Ill senator seldom in the spotlight by choice
Washington — (AP) Tim Johnson is a rare senator who almost never has sought the spotlight. Asked by a local columnist if he ever tires of being described as boring, Johnson replied: Not at all.
"He's not one of the flashy stars that's always looking for the camera in D.C.," said Bill Richardson, head of the political science department at Johnson's alma mater, the University of South Dakota.
But long before the two-term senator's medical crisis this week, Johnson won national attention by keeping Democrats guessing about whether they could count on his vote.
He bucked his party by being only one of three Democrats to vote to confirm Justice Samuel Alito's nomination to the Supreme Court. He voted to ban late-term abortions. He said yes to a constitutional amendment to ban flag burning, anathema to most in his party.
And then there was perhaps the defining vote of Johnson's career: whether to authorize the use of military force in Iraq. Johnson voted yes, though he had a very personal reason to vote no: his oldest son, Brooks.
Then 32 and a staff sergeant with the Army's 101st Airborne Division, Brooks would be among the first sent to the region, Johnson knew.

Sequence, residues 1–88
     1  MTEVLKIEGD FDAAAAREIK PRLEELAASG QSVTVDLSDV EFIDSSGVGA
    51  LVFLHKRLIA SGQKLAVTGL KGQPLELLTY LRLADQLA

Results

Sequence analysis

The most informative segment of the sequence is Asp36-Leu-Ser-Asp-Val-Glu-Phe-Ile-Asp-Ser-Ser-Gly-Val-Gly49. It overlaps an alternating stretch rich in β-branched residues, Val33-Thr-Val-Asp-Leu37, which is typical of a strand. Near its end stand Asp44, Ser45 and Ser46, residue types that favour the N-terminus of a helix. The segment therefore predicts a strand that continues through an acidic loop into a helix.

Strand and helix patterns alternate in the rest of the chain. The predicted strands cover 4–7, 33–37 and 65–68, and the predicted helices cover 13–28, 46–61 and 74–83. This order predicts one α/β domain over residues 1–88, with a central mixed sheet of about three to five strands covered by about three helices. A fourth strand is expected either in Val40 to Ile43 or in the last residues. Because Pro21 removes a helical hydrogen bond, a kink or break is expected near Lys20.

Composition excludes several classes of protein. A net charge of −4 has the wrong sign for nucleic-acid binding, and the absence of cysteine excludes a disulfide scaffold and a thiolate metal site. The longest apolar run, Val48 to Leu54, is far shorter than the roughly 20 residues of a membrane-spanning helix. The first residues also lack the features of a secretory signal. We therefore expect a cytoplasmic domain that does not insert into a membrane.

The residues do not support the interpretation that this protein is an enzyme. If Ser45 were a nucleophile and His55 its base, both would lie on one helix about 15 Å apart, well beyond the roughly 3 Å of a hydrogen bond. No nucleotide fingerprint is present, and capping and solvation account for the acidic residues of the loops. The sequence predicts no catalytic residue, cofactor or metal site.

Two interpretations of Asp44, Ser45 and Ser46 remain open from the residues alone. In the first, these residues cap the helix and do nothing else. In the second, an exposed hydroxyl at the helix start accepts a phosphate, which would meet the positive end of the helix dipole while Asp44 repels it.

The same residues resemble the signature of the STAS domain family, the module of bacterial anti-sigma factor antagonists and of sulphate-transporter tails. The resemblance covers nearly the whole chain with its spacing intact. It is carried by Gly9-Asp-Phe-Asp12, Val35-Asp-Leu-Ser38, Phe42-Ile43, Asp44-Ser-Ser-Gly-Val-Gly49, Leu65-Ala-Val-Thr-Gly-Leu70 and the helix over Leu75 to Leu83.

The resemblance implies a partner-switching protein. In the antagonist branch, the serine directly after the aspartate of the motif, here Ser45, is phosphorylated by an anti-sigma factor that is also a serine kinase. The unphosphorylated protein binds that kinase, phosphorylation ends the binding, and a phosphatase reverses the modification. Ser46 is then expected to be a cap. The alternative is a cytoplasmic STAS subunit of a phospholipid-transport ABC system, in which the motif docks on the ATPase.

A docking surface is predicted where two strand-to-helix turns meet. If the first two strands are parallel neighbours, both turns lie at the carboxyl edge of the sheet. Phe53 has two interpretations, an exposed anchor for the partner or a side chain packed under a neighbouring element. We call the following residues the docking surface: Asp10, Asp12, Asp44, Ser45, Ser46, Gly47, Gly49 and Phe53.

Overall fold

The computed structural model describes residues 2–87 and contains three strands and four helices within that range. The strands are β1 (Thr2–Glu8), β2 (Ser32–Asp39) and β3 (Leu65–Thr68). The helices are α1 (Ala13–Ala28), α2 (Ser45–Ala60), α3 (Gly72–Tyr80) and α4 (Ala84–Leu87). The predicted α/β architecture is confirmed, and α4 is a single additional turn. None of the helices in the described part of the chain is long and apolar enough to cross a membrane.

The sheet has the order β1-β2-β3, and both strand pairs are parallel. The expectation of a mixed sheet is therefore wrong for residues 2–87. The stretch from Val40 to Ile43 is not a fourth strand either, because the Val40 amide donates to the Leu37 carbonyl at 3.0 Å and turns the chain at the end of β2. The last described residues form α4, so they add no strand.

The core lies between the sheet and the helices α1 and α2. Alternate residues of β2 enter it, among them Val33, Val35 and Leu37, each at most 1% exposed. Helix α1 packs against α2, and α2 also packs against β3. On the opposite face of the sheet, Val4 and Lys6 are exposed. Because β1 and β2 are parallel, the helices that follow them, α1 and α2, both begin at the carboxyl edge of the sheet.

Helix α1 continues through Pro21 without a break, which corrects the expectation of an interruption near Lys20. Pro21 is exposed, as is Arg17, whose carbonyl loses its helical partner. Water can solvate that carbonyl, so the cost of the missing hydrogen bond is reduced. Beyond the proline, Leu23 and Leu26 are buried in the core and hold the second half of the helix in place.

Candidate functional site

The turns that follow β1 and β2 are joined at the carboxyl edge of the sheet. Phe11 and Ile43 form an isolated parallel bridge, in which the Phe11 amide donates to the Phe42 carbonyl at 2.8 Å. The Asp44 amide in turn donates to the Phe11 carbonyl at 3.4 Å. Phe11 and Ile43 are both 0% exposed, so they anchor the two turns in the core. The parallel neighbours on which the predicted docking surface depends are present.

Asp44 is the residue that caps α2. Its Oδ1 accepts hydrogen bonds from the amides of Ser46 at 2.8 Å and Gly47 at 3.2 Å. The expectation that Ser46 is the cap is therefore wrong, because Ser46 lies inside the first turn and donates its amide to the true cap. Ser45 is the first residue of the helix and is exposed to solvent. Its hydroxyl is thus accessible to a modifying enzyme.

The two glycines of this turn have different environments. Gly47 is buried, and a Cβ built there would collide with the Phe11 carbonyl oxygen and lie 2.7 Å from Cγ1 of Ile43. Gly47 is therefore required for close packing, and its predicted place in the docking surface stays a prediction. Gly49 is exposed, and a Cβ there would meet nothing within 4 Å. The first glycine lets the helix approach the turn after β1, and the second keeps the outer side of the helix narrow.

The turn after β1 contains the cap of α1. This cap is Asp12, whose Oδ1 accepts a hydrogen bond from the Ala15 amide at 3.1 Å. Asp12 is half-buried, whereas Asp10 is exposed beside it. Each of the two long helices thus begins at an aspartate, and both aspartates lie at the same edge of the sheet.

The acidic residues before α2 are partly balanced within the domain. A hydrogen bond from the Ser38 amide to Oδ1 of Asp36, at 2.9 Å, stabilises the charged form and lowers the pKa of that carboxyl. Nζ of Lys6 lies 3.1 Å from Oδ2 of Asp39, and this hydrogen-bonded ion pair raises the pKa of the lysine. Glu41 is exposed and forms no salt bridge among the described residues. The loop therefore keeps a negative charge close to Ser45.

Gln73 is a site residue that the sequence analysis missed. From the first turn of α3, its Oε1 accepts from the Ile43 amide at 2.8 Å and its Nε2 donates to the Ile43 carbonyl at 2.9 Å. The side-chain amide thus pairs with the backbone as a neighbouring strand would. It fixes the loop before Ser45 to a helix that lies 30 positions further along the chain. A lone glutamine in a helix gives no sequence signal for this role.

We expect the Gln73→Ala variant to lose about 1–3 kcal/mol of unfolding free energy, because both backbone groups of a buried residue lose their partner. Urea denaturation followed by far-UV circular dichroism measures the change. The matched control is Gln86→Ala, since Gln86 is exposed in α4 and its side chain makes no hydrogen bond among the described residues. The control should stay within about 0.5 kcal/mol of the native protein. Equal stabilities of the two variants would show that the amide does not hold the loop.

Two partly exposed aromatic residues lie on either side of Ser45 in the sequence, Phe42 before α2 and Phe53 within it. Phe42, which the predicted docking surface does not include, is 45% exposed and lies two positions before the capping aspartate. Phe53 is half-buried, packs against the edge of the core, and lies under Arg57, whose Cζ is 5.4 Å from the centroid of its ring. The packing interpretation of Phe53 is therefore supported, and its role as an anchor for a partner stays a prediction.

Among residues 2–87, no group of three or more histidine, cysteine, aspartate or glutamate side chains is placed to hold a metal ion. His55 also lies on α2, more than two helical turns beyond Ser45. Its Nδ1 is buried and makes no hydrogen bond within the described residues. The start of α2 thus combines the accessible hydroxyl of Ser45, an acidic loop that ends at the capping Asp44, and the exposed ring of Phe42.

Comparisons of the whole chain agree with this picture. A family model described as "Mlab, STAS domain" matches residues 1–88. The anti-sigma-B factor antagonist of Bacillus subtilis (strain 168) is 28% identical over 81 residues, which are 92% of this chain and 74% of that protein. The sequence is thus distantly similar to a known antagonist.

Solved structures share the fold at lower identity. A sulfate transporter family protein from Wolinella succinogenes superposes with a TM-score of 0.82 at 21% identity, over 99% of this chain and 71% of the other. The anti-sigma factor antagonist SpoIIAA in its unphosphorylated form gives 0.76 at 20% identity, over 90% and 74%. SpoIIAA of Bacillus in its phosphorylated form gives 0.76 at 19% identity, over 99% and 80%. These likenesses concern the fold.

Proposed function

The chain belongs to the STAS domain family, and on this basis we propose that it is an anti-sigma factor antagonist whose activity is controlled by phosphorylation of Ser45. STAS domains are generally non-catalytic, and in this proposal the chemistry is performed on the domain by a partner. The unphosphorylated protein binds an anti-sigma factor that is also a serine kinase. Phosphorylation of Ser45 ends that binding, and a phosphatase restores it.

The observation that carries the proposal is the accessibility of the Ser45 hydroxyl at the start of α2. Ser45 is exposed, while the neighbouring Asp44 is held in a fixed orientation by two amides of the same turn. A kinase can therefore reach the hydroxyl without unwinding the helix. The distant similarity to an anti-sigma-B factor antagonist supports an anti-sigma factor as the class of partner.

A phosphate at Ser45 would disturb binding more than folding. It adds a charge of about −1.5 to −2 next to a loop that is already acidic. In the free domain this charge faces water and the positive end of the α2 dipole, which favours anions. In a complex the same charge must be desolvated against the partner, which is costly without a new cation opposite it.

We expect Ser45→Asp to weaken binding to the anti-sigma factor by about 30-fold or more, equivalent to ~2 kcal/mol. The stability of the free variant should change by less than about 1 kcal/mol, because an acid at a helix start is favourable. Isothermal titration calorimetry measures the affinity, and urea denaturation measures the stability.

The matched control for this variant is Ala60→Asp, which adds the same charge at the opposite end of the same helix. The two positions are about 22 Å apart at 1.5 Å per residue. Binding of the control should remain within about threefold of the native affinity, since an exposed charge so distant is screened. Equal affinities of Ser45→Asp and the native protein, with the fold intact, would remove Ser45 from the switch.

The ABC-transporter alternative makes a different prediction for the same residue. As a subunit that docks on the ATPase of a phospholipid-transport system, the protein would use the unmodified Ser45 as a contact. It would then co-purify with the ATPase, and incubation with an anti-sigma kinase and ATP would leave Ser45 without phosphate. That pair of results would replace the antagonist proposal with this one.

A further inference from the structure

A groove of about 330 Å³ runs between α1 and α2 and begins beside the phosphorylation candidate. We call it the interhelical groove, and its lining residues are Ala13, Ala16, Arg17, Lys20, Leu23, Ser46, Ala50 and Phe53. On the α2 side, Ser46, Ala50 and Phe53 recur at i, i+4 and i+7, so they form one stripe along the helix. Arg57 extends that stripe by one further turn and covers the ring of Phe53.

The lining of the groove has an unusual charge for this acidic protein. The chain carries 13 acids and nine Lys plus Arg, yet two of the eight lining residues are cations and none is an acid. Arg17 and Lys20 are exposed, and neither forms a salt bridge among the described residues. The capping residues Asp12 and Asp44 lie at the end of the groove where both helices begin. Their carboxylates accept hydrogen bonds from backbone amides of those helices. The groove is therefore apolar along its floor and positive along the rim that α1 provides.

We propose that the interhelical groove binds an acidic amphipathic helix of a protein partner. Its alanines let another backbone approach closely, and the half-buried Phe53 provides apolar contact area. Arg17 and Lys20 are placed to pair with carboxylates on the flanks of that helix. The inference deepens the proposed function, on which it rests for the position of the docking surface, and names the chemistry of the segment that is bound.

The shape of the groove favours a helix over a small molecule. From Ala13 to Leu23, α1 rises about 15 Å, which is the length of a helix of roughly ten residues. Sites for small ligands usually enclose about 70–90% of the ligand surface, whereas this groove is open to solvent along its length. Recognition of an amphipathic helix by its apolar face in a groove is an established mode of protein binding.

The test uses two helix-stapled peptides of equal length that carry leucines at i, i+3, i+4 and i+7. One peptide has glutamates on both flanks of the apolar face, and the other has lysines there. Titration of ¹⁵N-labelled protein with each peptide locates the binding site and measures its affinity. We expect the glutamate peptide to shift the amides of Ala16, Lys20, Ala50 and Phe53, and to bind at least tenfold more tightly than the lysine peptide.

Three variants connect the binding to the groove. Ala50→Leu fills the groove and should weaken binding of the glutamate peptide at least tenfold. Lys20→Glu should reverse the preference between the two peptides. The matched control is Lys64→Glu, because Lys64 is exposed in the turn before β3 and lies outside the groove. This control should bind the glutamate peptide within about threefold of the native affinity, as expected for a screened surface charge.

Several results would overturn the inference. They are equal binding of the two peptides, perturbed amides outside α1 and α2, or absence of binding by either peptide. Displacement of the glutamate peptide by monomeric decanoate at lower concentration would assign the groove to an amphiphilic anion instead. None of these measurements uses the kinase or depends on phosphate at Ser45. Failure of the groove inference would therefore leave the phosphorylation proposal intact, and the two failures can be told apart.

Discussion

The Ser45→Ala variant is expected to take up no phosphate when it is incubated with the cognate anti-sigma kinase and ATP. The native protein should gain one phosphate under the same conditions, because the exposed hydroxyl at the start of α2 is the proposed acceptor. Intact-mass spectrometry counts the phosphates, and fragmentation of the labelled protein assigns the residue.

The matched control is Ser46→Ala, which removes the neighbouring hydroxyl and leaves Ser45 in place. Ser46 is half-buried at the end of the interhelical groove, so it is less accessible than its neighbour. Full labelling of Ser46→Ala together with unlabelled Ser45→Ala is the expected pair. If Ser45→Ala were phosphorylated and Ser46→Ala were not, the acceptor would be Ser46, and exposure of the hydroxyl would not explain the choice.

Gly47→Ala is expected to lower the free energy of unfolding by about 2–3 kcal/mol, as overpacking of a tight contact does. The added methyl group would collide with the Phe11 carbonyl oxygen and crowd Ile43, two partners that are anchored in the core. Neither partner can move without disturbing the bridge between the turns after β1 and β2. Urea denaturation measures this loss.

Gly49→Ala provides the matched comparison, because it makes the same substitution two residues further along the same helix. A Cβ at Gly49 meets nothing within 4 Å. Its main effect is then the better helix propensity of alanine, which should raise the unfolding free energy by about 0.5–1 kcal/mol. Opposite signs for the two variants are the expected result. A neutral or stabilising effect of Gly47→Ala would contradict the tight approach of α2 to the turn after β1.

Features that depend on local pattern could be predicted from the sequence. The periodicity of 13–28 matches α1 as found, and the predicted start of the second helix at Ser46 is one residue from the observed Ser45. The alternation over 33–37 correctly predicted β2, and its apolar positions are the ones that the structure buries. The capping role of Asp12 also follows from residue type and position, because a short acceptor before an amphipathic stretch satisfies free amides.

"I talked to Brooks prior to this vote and his response was, 'Dad, you do what is right for the country and I'll do what is right as a soldier,"' Johnson recalled. "I said on the (Senate) floor that it's very likely I would be sending my own son into combat."
Brooks has since returned safely and had a son, one of Johnson's three young grandchildren, according to the senator's Web site.
Political drama was nowhere to be found in Johnson's childhood. So low-key was his family that Johnson didn't know his parents' political affiliation until he went to college (they were Democrats).
The political bug bit Tim Johnson at 17, when he attended the 1964 Republican National Convention in San Francisco.
He earned undergraduate and law degrees from the University of South Dakota and opened his law practice in Vermillion, S.D., in 1975. He was elected to the state House three years later and went on to serve in the state Senate.
In 1986, Johnson, who acknowledges that some find him "dour," was narrowly elected to the U.S. House seat vacated by Tom Daschle, who had been elected to the Senate.
A decade later, Johnson defeated Sen. Larry Pressler, then the chairman of the Senate Commerce Committee. Johnson was barely re-elected to a second term, beating Republican John Thune by only 524 votes.
Wednesday's medical emergency was not Johnson's first brush with severe illness. In 2004 he battled prostate cancer. His wife, Barbara, has twice faced breast cancer. The couple has three children and three grandchildren.
Columnist David Kranz of the Sioux Falls, S.D., Argus Leader - the one who asked Johnson if he minded being considered dull - wrote that all the fuss over his illness "would be appalling" to the steady, unassuming senator.